MINUSMA

France's silence over civilians killed by Malian soldiers in joint operations

International

A year ago the French military bombed a wedding ceremony at Bounty in Mali, killing 22 men, of whom 19 were civilians. This terrible blunder was widely covered by the media at the time. But abuses committed in the following weeks and in the same region by the Malian army passed unnoticed. As Rémi Carayol reports, it would have been hard for French troops, who were on the ground with their Malian colleagues as part of a wide-ranging counter-insurgency operation, not to have been aware of what was going on. Yet the French military have remained silent about the incidents.

How French defence firm Thales placed a mole inside the UN

International— Investigation

From 2016 to 2019 an officer in the French air force reserve worked for the United Nations in New York in a technology and communications department that helped support peacekeeping missions. Officially the French military had seconded his services free of charge to the UN. But in reality the experienced officer was working for and being paid by France's major defence and electronics firm Thales, according to documents seen by Mediapart. As Yann Philippin and Antton Rouget report, senior figures in the French state were aware of what was going on.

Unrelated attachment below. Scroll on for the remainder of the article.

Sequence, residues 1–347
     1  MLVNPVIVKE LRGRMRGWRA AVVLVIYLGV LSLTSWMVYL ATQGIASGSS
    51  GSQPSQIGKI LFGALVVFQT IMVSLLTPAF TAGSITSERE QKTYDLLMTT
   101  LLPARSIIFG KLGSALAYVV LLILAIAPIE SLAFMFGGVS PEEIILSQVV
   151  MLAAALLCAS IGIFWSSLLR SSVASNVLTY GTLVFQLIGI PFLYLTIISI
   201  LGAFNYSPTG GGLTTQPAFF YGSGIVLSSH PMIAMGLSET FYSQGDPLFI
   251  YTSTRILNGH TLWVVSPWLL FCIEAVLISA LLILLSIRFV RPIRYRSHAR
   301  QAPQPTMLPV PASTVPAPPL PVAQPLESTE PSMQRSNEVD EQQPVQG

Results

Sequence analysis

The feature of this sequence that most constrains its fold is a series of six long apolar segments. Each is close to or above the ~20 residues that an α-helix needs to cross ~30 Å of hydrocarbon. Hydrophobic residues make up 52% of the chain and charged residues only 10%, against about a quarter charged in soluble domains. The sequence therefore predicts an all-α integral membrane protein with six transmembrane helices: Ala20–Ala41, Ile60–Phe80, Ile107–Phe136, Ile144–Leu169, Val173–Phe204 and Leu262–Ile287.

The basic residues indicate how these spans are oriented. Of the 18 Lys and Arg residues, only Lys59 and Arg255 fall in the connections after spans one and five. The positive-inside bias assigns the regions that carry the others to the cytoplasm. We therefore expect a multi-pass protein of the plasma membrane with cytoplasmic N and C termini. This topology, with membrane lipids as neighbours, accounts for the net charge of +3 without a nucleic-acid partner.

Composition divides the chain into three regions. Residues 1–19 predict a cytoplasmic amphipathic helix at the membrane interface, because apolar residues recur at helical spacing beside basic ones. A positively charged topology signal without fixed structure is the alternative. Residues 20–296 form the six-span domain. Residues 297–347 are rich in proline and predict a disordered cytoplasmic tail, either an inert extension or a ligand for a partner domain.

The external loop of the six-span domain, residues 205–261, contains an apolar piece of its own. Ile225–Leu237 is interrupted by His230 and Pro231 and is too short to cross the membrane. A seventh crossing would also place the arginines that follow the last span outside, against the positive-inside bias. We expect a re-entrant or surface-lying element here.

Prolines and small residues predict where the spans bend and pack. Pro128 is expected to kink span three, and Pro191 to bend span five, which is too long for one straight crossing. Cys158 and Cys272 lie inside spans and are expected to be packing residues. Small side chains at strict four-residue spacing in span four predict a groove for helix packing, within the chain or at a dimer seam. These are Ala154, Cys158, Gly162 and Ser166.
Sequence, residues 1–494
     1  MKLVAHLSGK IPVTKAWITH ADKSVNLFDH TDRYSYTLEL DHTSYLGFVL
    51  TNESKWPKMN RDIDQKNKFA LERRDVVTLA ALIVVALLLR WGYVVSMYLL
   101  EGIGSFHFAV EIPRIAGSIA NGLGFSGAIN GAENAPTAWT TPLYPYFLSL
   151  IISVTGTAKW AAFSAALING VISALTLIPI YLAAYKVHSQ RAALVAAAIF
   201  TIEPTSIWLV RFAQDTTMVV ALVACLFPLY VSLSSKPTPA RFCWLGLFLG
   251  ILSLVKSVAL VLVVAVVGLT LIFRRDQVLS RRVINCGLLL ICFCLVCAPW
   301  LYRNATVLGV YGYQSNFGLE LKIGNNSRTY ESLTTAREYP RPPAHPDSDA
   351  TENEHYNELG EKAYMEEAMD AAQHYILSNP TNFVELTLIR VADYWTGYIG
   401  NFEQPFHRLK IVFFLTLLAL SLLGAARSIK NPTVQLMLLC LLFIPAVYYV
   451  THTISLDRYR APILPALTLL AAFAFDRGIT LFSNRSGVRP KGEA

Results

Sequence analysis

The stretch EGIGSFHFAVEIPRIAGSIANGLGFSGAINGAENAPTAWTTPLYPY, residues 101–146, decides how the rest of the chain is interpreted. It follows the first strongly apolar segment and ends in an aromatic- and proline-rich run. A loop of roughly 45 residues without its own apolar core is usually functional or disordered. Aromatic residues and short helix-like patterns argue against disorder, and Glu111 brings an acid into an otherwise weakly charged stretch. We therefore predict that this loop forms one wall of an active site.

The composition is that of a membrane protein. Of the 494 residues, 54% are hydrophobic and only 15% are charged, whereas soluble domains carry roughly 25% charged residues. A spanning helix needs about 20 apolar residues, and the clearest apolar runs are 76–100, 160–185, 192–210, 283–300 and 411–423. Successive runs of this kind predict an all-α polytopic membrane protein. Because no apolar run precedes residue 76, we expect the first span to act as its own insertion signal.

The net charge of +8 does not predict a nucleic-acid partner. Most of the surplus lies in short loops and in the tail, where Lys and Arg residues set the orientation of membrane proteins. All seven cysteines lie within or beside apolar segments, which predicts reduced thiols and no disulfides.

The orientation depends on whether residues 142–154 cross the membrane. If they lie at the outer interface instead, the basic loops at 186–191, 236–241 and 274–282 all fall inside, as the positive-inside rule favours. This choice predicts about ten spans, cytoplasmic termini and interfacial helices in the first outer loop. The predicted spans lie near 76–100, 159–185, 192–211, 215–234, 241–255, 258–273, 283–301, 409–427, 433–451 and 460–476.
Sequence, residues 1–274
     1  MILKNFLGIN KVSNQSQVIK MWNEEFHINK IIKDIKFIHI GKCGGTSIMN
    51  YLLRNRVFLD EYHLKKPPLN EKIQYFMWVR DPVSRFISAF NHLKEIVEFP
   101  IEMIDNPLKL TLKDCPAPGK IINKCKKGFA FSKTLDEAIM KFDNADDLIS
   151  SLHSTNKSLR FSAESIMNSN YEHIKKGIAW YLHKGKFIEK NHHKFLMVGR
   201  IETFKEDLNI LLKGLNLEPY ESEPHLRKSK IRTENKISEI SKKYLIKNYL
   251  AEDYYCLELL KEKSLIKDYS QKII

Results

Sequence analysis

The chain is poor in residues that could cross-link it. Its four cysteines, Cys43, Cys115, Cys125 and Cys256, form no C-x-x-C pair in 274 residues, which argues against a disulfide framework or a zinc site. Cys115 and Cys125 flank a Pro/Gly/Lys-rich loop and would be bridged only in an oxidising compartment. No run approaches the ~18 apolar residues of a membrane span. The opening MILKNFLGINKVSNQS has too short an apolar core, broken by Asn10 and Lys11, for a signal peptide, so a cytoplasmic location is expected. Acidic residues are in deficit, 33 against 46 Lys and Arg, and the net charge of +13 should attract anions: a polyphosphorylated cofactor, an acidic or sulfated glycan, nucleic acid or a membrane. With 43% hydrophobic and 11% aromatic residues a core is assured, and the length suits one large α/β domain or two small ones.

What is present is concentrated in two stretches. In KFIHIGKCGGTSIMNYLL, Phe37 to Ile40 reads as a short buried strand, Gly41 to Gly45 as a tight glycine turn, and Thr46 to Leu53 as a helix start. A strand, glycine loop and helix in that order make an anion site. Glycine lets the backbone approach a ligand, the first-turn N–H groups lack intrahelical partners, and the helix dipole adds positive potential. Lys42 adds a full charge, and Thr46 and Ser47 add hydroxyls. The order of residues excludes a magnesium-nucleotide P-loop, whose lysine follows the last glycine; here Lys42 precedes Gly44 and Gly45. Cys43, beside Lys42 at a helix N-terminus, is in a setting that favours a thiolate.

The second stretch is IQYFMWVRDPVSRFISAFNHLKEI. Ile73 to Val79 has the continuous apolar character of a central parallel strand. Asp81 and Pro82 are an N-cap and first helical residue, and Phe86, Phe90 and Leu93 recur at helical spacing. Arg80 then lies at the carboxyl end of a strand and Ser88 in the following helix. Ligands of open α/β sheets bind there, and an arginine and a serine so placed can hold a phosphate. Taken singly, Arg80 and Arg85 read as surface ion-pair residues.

French soldiers stalked by invisible enemy in Mali

International— Link

French troops who routed jihadists in Mali in 2013 are now waging attritional campaign against shadowy fighters who use 'hit and run' tactics.

Surge in militant attacks in Mali challenges French and UN forces

International— Link

Mali, French and UN troops face attacks similar to those employed by Islamist militant movements Boko Haram in Nigeria and Somalia’s al-Shabaab.

Plus ça change…the stark reality of Mali's bright new future

International— Analysis

Eighteen months ago Mediapart reported from Mali on its attempts to rebuild itself after France's military intervention to thwart an imminent terrorist takeover. At the time there was cautious optimism within the fractured African country that it could construct a more positive future. Now Mediapart has returned to Mali and the mood is very different. The cautious hopes about the future have largely given way to frustration amid the return of old-style politics and corruption. Meanwhile the country remains under the effective control of international institutions and foreign countries. As Thomas Cantaloube reports from the capital Bamako, the lack of real progress in Mali also symbolises a French vision of foreign affairs that is strong on military intervention but short on political content.